The Master Gardener Volunteers of Cobb County (MGVOCC) supports the University of Georgia Cooperative Extension Service and strives to improve the quality of life in our community by delivering research – based horticultural information, educational programs and projects.

In 1980, the UGA Cooperative Extension Service, as the educational outreach of the University of Georgia, established the Master Gardener Program in Cobb County. Since that time, the program has trained and graduated approximately 25 Master Gardeners each year.

There is an application/interview process in order to be accepted into the Master Gardener Extension Volunteer (MGEV) training course. Applications are made available in July of each year. The deadline to turn in the completed application is the end of September. Interviews are then scheduled and MGEV Trainees are selected.

Each Trainee is assigned a Mentor who helps them through the three-month training process. As a condition of acceptance into the training program, each trainee is required to give back to the UGA Cooperative Extension Service in Cobb County a minimum of 50 hours of volunteer time during their first year. To remain in active status, each MGEV is required to volunteer at least 25 hours per year after their initial year.

In 1988, a number of Cobb County Master Gardeners who had completed their 50 hours of volunteer time created an informal group. Their zeal to volunteer additional hours and to get involved with community projects was very strong. In January of 1989, they formed an organization called Master Gardener Volunteers of Cobb County (MGVOCC).

By 1991, the members of MGVOCC were participating in multiple programs and activities such as: Soil Test Clinics, Warm Season Turf Management, Xeriscaping for Homeowners, and Water Conservation Inside and Outside the Home.

In 1993, the MGVOCC newsletter was formally named The Dibbler. A new logo was designed and was first used on the February/March issue of the newsletter. This is a bi-monthly newsletter and is still distributed to our members six times a year.

In 2004, MGVOCC was granted non-profit status for its educational outreach.

Over the years, many projects were developed to share research-based information from the University of Georgia with the public in the form of “Ask a Master Gardener” Plant Doctor Clinics, our Annual Garden Fair & Plant Sale, our ‘Through the Garden Gate’ Garden Tour, Community Gardens, School Gardens, Demonstration Gardens and a variety of projects such as the Horticulture Therapy Garden at Cobb Hospital, Plant-A-Row-for-the-Hungry, and the historical William Root House Museum and Garden in Marietta, Georgia.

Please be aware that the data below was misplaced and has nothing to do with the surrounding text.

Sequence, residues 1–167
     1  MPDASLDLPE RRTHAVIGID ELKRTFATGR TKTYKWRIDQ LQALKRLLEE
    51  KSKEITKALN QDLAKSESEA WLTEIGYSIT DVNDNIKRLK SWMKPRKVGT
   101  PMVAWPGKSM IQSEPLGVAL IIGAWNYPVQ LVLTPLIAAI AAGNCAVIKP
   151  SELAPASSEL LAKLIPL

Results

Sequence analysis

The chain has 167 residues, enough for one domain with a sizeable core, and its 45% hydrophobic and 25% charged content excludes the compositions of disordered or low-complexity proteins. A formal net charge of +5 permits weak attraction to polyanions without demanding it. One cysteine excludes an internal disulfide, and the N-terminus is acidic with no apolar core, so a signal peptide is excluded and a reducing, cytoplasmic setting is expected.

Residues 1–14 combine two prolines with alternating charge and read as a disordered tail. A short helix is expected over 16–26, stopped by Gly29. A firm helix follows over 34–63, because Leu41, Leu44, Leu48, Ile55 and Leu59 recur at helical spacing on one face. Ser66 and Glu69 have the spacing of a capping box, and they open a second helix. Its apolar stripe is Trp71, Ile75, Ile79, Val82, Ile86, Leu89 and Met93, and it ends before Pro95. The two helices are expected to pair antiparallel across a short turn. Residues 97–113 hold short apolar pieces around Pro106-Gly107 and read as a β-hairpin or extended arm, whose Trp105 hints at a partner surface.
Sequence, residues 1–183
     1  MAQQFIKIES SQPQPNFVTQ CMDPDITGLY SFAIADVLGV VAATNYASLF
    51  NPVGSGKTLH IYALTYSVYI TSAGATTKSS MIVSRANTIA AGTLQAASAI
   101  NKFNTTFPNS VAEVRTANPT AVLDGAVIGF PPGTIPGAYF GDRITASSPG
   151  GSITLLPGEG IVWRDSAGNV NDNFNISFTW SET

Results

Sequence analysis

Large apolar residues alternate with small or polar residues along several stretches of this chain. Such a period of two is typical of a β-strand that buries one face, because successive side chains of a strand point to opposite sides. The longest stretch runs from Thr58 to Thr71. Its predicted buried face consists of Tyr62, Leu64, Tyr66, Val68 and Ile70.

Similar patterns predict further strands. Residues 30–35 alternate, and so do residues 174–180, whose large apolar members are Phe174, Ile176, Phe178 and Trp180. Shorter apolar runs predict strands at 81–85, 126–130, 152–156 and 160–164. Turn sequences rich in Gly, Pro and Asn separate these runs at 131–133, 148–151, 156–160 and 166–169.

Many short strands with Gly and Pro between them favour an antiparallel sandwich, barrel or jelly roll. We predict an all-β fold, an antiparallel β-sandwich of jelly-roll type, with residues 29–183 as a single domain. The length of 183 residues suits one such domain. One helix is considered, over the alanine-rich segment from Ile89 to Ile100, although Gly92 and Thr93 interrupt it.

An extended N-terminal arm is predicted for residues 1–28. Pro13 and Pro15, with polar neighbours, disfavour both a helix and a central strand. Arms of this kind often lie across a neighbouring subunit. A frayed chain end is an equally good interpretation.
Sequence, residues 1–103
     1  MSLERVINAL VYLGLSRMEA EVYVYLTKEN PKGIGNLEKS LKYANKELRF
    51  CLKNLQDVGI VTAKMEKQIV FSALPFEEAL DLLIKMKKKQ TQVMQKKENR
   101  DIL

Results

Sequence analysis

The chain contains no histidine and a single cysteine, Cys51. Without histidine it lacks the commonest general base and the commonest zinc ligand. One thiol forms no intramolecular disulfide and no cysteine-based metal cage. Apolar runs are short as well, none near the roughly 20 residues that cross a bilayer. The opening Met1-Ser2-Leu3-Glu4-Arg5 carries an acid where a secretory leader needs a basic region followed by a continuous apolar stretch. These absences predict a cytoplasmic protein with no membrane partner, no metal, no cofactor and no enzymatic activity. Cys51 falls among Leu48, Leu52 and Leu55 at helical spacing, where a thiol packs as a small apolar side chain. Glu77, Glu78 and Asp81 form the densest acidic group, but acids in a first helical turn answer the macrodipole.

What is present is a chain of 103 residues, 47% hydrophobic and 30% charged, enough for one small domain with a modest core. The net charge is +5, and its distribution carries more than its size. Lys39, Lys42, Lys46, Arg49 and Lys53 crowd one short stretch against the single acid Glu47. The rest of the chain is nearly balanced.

In 2014, one of our ongoing projects, The Cherokee Garden at Green Meadows Preserve, was added to the Trail of Tears National Historic Trail Map.

In 2015, MGVOCC assisted 49 Cobb County Schools in their gardening endeavors. Today, MGVOCC supports 10 projects and partners with Cobb Community Gardens to educate families on growing their own food at Community Gardens throughout the county. Through our continued educational programming, we reach hundreds of citizens in Cobb County each year. Some of the ways we provide horticulture education is through the Speaker’s Bureau, our Lunch and Learn series, and Gardeners’ Night Out series. We also have a monthly THYME TO READ Book Club. More detail on each of the current projects and educational programs can be found on this website.

Today MGVOCC has over 250 active Master Gardeners, many having achieved 10-year Lifetime Status and remain active in the program today. Cobb Master Gardeners volunteered over 20,000 hours of service to Cobb County in 2015 alone.

Thank you for visiting our website! We hope to see YOU at one of our free educational programs soon.